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Economy and Business

FirstEnergy hurt by Sandy but sunny days may be ahead
Utility says shale oil and gas could provide an industrial boost

Mark Urycki
FirstEnergy has 10 electric companies
Courtesy of FirstEnergy
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Akron-based FirstEnergy lost money last year. The parent company of Ohio Edison and the Illuminating Company owns electric companies from Toledo to the New Jersey shore. That left it exposed to losses from Hurricane Sandy. But as WKSU's Mark Urycki reports, it also puts the utility in a good position for growth. 
FirstEnergy see a boon in manufacturing

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Revenues for 2012 were down 10 percent, and a $99 million profit in 2011 turned into a $148 million loss last year.

One big factor was a $600 million payment toward its employee pension fund. And in a conference call with reporters and analysts, Executive Vice President Leila Vespoli noted FirstEnergy incurred another $630 million in extra costs for Hurricane Sandy, “including $345 million for capital expenditures incurred while restoring service, as well as $256 million that we propose to recover over a six-year period.”

All of FirstEnergy’s subsidiaries suffered from that storm, but its Jersey Central Power and Light utility took the brunt of it.  Some 10,000 FirstEnergy employees worked on storm restoration in October and November.

Old coal, new nuclear
Before then, the company’s focus was on deactivating seven old coal-fired power plants last year.  It plans to shut down a couple more in 2015. FirstEnergy CEO Tony Alexander says the company has lowered its carbon footprint beyond what anyone expected.

“We’ve done a lot, investing in the nuclear fleet to produce more out of that side of the house and improved significantly and reduced significantly the amount of CO2 (carbon dioxide) that our fleet produces.”

The company is under pressure from stricter environmental rules – especially on the release of mercury and other toxins.

“We all know that there’s no technology today that’s commercially available to address this issue in a major coal-fired facility. So there has to be a transition period.”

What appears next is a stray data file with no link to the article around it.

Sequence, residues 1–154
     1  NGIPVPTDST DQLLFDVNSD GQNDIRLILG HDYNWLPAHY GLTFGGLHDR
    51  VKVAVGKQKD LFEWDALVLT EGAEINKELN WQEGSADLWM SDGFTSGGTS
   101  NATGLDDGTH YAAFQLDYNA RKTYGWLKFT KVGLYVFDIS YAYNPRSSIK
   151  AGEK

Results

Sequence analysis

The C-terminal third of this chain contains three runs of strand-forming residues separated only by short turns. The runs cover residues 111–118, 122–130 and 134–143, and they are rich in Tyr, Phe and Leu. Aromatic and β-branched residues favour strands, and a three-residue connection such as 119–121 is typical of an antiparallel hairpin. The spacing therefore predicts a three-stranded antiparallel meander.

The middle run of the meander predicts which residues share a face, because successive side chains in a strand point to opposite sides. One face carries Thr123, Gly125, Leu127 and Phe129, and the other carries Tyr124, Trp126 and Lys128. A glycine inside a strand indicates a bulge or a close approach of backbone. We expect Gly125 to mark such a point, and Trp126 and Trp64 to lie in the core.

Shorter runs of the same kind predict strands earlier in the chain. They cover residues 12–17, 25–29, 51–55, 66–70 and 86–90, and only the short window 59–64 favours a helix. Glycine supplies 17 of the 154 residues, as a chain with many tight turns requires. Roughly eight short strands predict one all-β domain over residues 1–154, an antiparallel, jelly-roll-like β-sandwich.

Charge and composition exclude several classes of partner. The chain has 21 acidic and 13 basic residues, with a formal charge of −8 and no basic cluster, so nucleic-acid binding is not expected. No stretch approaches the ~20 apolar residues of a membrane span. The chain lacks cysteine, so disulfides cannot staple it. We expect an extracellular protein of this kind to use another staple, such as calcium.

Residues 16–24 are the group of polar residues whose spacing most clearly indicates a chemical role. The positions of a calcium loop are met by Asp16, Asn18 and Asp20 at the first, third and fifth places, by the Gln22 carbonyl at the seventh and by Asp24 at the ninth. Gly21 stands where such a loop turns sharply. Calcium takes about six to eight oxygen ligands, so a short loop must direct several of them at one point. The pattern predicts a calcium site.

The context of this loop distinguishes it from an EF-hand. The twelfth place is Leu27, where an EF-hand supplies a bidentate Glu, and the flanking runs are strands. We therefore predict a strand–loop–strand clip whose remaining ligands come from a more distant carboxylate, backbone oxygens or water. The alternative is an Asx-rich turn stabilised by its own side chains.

Other alternatives
FirstEnergy is selling off its hydro-powered electric generators. A sale planned for 2015 will be moved up to this year so the company can reduce debt. It plans to refinance long-term debt at a time when interest rates are historically low.

Some cold weather helped FirstEnergy boost residential sales in the fourth quarter and for the year residential sales were up 5 percent, back to pre-recession levels.  But company Chief Financial Officer Jim Pierson says that business with its other customers were stagnant. Commercial deliveries were largely flat while industrial deliveries were down 3 percent compared to the fourth quarter 2011.

Manufacturing reborn
While FirstEnergy may have suffered from exposure to Hurricane Sandy, Alexander says it’s operating area is a pretty enviable spot otherwise. 

“I think this area is poised to grow at rates that are potentially far greater than what we’ve seen in the past. The area of Pennsylvania, West Virginia, Ohio basically sits under our service territory. There’s a lot of expectation in terms of a manufacturing renaissance taking advantage of the location for energy.”

And Alexander says if industry picks up, then commercial and residential demands will follow. He says the company has already seen one local impact. FirstEnergy built its new Black River substation in Lorain to support an expansion there by Republic Steel, so that it can manufacture parts for the gas industry.  

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